A Lesson on How to Deal with Bears – On the Hiking Trail or in the Capital Markets
If you’ve been lucky enough to call beautiful British Columbia home for much of your life, then you’ve most likely seen a black bear or two in your day, be it on the hiking trail, or pillaging your dumpster. The site of these big balls of fur can be enough to make your pulse spike, especially if there isn’t a pane of glass separating you and them. We don’t blame you; they can weigh in excess of 600lbs!
Now every BC resident should know the protocol for meeting a black bear on the trail and funnily enough, the principles are equally applicable to how an investor should react to a “bear” stock market. To set the scene, a bear market refers to a stock market event in which prices decline at least 20% or more, as we are experiencing now with the impacts of COVID-19 and a black bear refers to teeth, fur… you get the picture. Let’s say on your weekly dog walk you have the unfortunate pleasure of walking around a corner and see a bear at 20 yards. Wildlife experts and financial planners recommend the following actions:
1. Don’t panic and more importantly don’t run!
In the case of a real bear, your fight or flight urge will be screaming at you to high tail it out of there, but it can cause the bear to give chase and guess what? They’re much faster than you! The capital markets equivalent in coming face to face with a bear market is panicking when the stock market appears to be in free fall. This sense of fear can lead to an investors equivalent to running: selling and going to cash. Going to cash crystalizes the loss, may cause you to miss out on the rebound, and leaves you with the tough decision of when to get back in.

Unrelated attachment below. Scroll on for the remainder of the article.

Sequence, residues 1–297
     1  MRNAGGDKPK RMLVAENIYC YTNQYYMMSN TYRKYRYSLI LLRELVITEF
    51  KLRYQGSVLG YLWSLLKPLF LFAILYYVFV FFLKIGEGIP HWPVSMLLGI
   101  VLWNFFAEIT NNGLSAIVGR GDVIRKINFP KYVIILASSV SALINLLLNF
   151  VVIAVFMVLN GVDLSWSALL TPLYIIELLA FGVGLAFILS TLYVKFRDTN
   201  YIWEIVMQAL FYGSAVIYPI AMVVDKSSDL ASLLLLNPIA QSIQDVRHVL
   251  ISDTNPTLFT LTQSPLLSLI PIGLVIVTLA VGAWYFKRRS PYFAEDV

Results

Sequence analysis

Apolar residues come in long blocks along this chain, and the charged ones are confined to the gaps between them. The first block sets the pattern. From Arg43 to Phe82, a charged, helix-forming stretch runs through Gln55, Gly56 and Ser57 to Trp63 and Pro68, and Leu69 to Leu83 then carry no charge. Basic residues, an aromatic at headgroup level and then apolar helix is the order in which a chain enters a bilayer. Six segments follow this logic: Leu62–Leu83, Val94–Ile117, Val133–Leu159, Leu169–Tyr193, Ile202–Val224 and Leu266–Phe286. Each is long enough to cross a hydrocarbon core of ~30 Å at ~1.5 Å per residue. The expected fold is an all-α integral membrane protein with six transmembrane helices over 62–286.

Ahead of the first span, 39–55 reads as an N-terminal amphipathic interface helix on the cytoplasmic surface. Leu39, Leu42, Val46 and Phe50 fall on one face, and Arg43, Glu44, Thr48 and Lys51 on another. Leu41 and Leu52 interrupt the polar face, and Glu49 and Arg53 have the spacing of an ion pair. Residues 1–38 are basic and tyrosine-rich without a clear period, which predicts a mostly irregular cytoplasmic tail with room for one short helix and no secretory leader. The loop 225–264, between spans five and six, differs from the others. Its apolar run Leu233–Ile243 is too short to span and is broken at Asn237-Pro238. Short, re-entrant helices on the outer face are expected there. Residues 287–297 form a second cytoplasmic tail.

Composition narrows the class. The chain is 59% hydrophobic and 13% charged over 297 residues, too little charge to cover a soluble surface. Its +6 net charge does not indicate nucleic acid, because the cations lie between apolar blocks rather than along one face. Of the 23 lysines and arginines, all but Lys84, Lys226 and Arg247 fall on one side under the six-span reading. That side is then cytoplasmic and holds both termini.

2. Act big and make your presence known in calm way.
It’s important at this point to make the bear realize you are there and that you do not mean it any harm. Act tall and speak in a calm voice to the bear; remember, they are naturally wanting to avoid us. We liken this to letting the market know you’re a disciplined investor and that while you don’t like its volatility, you’re not going to sell your holdings. You have a plan and you intend to stick to it. This investment strategy was designed to help you meet your goals before you encountered this “bear” market and will continue to be the right strategy long after the bear has sauntered into the bushes.
3. Stand your ground.
More likely than not, this bear doesn’t want to be a part of this encounter any more than you do. By acting calm and giving the bear the space to leave, it will almost certainly take the opportunity to do so. Turning to historical events, bear markets have shown themselves to behave the same way. Periods of fear, uncertainty, and negative returns give way as consumer optimism, fiscal stimulus and hope lead to positive economic conditions. It’s critical that you stand your ground, even when it is a truly uncomfortable experience as an investor.
It’s important to remember that black bears are as much a part of the BC ecosystem as bear market events are a part of a functioning stock market. Hikers and investors alike who have followed the proper black bear safety protocols have been able to chalk up these “encounters” as learning opportunities and have reaped the rewards of empty hiking trails and positive investment returns!
A History of Market Ups and Downs (Click picture to expand)
S&P 500 Index total returns in USD, January 1926-December 2017
Using a 20% threshold for downturns